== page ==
WEDNESDAY, Nov. 5, 2008 (HealthDay News) -- New details about a key trigger of embryonic stem cell differentiation have been uncovered by researchers at the Stanford University School of Medicine.
They found that clusters of mouse embryonic stem cells called embryoid bodies are more like true embryos in terms of organization and structure than previously thought. Harnessing the signals that direct their destiny may help in efforts to more accurately guide the differentiation of embryonic stem cells for use in therapy, the researchers said.
Embryoid bodies have hallmarks of gastrulation, a developmental stage that starts a hollow ball of cells on the way to becoming an organism with three distinct types of precursor cells, the Stanford team said.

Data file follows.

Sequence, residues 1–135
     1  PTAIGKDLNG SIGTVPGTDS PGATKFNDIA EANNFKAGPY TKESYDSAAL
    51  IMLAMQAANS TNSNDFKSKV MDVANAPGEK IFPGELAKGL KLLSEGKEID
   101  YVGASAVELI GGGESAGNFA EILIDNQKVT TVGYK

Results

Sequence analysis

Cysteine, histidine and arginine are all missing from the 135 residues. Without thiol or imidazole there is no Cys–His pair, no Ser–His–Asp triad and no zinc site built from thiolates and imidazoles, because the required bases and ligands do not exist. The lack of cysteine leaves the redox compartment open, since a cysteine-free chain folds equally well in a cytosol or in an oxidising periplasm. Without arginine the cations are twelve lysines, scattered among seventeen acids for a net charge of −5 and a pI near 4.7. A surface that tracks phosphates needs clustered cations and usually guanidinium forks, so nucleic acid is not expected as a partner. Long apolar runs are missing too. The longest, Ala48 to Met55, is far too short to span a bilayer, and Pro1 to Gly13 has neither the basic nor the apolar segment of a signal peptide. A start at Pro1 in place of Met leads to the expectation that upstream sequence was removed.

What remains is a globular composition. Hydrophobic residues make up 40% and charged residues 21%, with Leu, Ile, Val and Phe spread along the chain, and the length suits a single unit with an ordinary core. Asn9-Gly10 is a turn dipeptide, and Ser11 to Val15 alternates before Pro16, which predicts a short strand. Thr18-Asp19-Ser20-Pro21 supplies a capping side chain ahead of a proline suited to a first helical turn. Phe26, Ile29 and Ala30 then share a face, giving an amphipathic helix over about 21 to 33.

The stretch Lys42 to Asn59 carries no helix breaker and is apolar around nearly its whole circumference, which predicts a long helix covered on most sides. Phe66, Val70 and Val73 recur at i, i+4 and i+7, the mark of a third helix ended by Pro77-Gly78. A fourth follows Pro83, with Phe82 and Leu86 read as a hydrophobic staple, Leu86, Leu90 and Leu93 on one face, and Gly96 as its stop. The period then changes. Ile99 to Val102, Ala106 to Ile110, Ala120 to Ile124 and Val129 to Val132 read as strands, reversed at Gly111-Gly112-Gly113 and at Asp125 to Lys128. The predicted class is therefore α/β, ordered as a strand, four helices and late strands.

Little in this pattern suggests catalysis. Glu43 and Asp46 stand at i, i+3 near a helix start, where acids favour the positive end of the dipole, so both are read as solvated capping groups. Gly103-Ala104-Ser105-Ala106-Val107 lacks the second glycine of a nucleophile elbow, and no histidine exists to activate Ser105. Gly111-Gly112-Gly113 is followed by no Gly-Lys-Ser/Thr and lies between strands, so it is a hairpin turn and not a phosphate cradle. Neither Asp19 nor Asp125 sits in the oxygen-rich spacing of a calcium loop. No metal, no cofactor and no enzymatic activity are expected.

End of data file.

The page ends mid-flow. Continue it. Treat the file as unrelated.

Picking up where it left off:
They showed this process is launched by a single signaling pathway in embryoid bodies and in true embryos, and that enhancing or blocking the signal affects the cells' destiny.
The findings were published in the Nov. 6 issue of Cell Stem Cell.
"A lot of embryonic stem cell research is aimed at devising ways to help the cells differentiate along a particular path," study senior author Roeland Nusse, a professor of developmental biology, said in a Stanford news release. "But it's very difficult to know how to do this. We're learning that they do more things in culture than we previously thought; at the same time, we're developing more tools to control what they become."
The U.S. National Institutes of Health has more about stem cells.